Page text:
Roche and Epitomics enter rabbit MAbs agreement

By Wai Lang Chu

- Last updated on GMT

Related tags Monoclonal antibodies Roche

Roche has formed a research collaboration with Epitomics, giving
Roche a license to Epitomics' monoclonal antibody technology
(RabMab technology) for the discovery and development of monoclonal
antibodies to treat cancer and other diseases.

The collaboration adds to Roche's Therapeutic Protein Initiative (TPI), which was set up as a strategic research priority in 2001. The aim is to increase the number and quality of therapeutic protein projects in Roche's research portfolio.

The pharmaceutical giants have been active within this research field, which promises the generation of best-in-class antibody therapeutics in disease areas like oncology, where Roche​ is the global market leader.

Under the terms of the agreement, Epitomics will receive event payments and future royalties from Roche on worldwide sales of products developed from its RabMab technology.

The technology is a departure from conventional methods of biological drug discovery, which use mouse antibodies, Epitomics' approach utilises monoclonal antibodies from rabbits, potentially improving the quality and efficiency of drug discovery.

"RabMabs represent a new approach for the development of therapeutic monoclonal antibodies. Its advantages include ultra-high affinity, novel epitope recognition and ease of validation in preclinical studies,"​ said Dr Guo-Liang Yu, CEO and president of Epitomics.

RabMab technology is primarily used for the discovery and development of monoclonal antibodies to treat cancer and other diseases.

Compared to currently available MAb technology on the market, such as mouse hybridomas, the high throughput nature of the technology allows for the simultaneous discovery of disease targets and potential therapeutic antibodies in the same experiments, can shorten the drug discovery and development cycle.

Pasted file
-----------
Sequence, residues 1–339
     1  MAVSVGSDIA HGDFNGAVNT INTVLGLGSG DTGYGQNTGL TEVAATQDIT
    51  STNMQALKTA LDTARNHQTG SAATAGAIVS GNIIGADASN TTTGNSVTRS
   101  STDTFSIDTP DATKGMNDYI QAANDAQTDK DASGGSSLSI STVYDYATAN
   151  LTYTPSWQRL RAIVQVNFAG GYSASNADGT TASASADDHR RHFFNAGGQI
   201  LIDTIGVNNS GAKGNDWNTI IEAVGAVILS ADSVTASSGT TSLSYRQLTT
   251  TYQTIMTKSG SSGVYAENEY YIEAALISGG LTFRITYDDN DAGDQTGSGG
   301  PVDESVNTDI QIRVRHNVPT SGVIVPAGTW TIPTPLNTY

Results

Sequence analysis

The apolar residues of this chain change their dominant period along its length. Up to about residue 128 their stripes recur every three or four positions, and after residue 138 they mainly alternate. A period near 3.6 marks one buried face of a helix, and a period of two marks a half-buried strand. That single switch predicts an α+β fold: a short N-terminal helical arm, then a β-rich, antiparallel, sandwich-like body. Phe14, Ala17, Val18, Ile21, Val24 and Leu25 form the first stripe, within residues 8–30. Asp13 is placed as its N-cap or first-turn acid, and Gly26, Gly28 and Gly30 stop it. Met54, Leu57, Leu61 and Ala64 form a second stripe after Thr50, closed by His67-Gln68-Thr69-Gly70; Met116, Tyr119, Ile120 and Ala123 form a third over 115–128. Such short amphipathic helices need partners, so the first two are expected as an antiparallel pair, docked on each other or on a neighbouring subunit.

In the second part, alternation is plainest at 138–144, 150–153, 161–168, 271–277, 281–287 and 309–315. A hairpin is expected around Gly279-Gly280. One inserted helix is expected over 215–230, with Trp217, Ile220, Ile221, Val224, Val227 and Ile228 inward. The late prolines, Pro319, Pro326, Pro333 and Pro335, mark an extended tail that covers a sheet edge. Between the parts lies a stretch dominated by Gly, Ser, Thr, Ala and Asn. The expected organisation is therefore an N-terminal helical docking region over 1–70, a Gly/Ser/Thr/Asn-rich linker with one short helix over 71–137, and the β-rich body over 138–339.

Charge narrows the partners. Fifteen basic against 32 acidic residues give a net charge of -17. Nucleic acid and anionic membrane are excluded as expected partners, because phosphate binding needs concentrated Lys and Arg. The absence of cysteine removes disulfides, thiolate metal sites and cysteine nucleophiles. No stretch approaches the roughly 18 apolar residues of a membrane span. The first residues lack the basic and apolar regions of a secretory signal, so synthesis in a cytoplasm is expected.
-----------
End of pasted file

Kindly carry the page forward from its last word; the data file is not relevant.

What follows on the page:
The basic principal for making the antibody is the same as for mouse monoclonals. Rabbit fusion partner cells are fused to rabbit B-cells to create the Rabbit Hybridoma cells.

Hybridomas are then screened to select for clones with specific and sensitive antigen recognition and the antibodies are characterised using a variety of methods.

The deal Roche has made is familiar to those that understand it business ethos. Roche has implemented a strategy in which it strengthens its product pipeline by tapping into the innovation of emerging companies

In July of this year, Roche acquired GlycArt Biotechnology in an attempt to further strengthen Roche's capabilities in the therapeutic antibody research sector, capitalising on their pre-existing collaboration in September 2004.

Roche are considered the worldwide leaders in a market that is expected to reach $26 million (€21.2 million) by 2010, buoyed on by technological advances that allow antibodies to exhibit a specified targeted attack on disease-causing cells or compounds.

The therapeutic and diagnostic monoclonal antibody market is has a wealth of products that are jostling for key position.

The market leaders include Roche/Genentech's Rituxan/MabThera (rituximab) and Johnson & Johnson's Remicade (infliximab).

Now, more recently launched humanised antibodies, including Roche/Genentech's Avastin (bevacizumab) and Herceptin (trastuzumab) and Bristol-Myers Squibb's Erbitux (cetuximab), are also starting to make a real commercial impact, along with the first fully human antibody, Abbott's Humira (adalimumab).

Related topics Preclinical Research

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